Calvin Newborn

Calvin Newborn
New Born

Yellow Dog Records 1159

By Karen Nugent
September 2006

It’s fitting that Calvin Newborn recorded his latest album at the same Sam Phillips studio in Memphis where he did his first recording in 1950, backing B.B. King along with his talented father and brother, Finas and Phineas Newborn. In fact, it was B.B. who helped the young Calvin pick out his first guitar.

Now in his seventies, Calvin Newborn’s new disk features a seamless blend of eight jazz and blues originals, with his superlative guitar work shining through, especially on the third track, “Newborn Blues.”

Although the disk is basically jazz, there are enough bluesy riffs, and one song - the above-mentioned “Newborn Blues” - to make it work for all but the most ardent blues purist.

Accompanied by greats such as Donald Brown on piano, Herman Green on saxophone and flute, Charlie Wood on organ, and Scott Thompson on trumpet, and backed by London Branch on bass and Renardo Ward on drums, Newborn tries to give equal treatment to his dual lifework of blues and jazz. He is also joined by Ekpe Obioto a Memphis civil rights activist who channels ancient spirits with his “talking drums.”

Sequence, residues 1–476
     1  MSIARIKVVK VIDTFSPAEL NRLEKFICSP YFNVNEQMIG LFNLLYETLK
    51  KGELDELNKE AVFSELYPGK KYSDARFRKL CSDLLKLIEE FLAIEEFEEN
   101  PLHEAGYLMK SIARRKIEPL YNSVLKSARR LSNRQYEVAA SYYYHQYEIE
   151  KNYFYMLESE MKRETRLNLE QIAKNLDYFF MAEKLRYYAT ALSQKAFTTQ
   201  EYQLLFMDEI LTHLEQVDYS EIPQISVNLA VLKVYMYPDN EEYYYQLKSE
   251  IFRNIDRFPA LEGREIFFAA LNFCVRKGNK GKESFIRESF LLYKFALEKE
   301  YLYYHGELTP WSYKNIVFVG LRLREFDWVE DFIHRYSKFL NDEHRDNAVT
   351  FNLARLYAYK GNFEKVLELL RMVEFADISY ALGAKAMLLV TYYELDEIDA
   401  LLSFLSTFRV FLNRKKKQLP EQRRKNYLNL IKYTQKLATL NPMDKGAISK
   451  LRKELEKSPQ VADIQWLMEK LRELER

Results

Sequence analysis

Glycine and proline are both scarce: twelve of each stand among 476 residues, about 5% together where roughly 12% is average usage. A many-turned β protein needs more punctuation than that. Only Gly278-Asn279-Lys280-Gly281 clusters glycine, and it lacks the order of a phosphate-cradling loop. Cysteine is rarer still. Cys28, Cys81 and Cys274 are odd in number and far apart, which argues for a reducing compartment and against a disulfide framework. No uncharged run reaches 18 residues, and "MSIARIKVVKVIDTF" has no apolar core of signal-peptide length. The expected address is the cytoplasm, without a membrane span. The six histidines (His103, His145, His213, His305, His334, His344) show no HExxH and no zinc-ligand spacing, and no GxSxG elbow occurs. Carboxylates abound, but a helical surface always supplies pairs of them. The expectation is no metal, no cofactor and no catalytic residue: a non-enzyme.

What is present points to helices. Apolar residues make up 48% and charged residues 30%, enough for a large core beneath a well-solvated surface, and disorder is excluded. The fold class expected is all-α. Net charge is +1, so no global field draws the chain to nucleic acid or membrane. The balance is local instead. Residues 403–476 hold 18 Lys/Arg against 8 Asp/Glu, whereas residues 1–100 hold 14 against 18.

Songs like “The Streetwalker’s Stroll,” and his mellow interpretation of the jazz standard “Lush Life,” reflect his pre-drug rehab days, while “Newborn Blues” and “After Hours Blues” show off the bluesy side of the Memphis scene.

His jazz lineage is also showcased in “Blues and Beyond” and “Spirit Trane/Omnifarious” - the latter an up-tempo shuffle with some wailing horns.

The new disk, appropriately called New Born, comes more than a decade after Calvin beat a drug habit that was spinning out of control, and after the 1989 death of his brother, a jazz legend in his own right who was eventually diagnosed with mental illness and ended his days living in a halfway house and a veterans’ hospital.

Their father, a drummer, dropped dead of a heart attack in 1965 after sitting in with Calvin’s band at a Los Angeles nightclub.

Calvin himself finally checked into a mental health facility in Memphis, got treatment for his drug problem, and then proceeded to write a book about his brother and cut his first record on his own Omnifarious label.

On this record, the songs “Restorations” and “When Kingdom Comes/Sho’ Nuff” seem to have emerged from his reformed outlook on life.

Besides the disk, which was recorded last year, Newborn is also working on a book about his friendship with Elvis Presley, and a documentary film about his fascinating family’s history.

Check out his outstanding work. It’s about time this unsung hero of Memphis blues and jazz got some recognition.

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